In fall 2020, the district announced that it would use the ranked-choice lottery system for the coming year, the same system used for the city’s other high schools. The move appealed to those concerned about the lack of racial diversity at the school and, following a high-profile incident of racism at the school in early 2021, the board said the change would be permanent. The move was welcomed by many in the Black community but prompted a huge outcry from the city’s Chinese American community, who felt targeted, and from many Lowell alumni and parents, who argued that excellence would be sacrificed.

After a change in the school board, the lottery was scrapped and a merit-based system was restored. But last fall, Superintendent Matt Wayne proposed a middle ground—a lottery among those who have earned a certain grade-point average, which he said could help diversify the school.

It, too, has drawn opponents. But others who fought the earlier change appear open to it.

“This may have promise if it’s done right,” said Siva Raj, who helped lead a successful effort in 2022 to recall three school board members, partly over their handling of this and other racially charged issues.

Raj said that details must be discussed, including what the eligibility cutoff should be and whether it should be based on grades or test scores. And he said the district still has work ahead to repair trust with parents. But the general idea could work, he said.

“There does seem to be an openness to this,” he said. “Actually there’s a lot more consensus here than people appreciate.”

In Boston, too, there have been several shifts in policy affecting the district’s three coveted “exam schools,” which traditionally admitted students based on grades and entrance test scores.

In 2021, the test was removed and applicants were evaluated based on a combination of grades and neighborhood, with high-scoring students from every ZIP code admitted. That system was upheld by the First Circuit Appellate Court in December. The Pacific Legal Foundation is seeking Supreme Court review.

In its decision, the First Circuit Appellate Court wrote that even if racial diversity is a motive, that doesn’t mean a plan is unconstitutional: “There is nothing constitutionally impermissible about a school district including racial diversity as a consideration and goal in the enactment of a facially neutral plan.”

In the meantime, the district moderated its policy, adding the exam back to the process and changing the way neighborhood is considered.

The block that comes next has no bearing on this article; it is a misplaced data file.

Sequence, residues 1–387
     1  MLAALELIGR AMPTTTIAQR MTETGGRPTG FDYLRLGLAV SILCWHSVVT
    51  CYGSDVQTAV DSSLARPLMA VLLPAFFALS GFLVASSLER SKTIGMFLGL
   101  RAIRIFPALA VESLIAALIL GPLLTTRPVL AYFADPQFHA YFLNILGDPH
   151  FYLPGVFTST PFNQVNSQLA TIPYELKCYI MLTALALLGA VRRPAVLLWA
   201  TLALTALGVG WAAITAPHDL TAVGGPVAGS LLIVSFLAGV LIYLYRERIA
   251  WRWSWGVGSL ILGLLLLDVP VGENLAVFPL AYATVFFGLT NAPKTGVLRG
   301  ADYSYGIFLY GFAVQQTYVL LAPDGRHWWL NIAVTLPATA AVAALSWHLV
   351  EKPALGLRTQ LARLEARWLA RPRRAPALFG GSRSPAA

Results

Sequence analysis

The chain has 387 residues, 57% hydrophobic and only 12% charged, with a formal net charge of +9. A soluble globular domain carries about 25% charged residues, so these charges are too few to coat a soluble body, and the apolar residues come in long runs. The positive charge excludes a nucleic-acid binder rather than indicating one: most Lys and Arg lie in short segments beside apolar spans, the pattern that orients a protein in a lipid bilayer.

New York City has also seen a push and pull over efforts to diversify sought-after schools. Former Mayor Bill de Blasio’s effort to change how most students are admitted to the city’s high-profile specialized high schools went nowhere. But amid the pandemic, his administration made changes to how students were chosen for about 100 other selective high schools across the city.

Before the changes, these schools were each allowed to set their own criteria for admissions, which could include test scores, grades, attendance records and other measures. Under de Blasio, a standard system was implemented where all students who had grades averaging at least 85 on a 100-point scale were allowed to enter a lottery, with admission chosen randomly from that group.

Under that system, about 60 percent of eighth-graders qualified, which critics said was not selective enough. Then in fall 2022, a new administration kept the same approach but raised the threshold so students must have A averages and be in the top 15 percent in their school or citywide.

“What I’m trying to do is to be responsive to what the community is saying that they want,” Chancellor David C. Banks said at the time.

Nyah Berg, executive director of New York Appleseed, who has advocated for integration and diversity programs, said even with Banks’s changes, she feels pretty good about where high school admissions stand.

“From where we began there have been major changes, and I am very happy about that,” she said. She said she would not want anyone to feel like the work is done, but added: “These compromises are good and consistency and stability are especially good for students and families. … It’s definitely setting into a sustainable model.”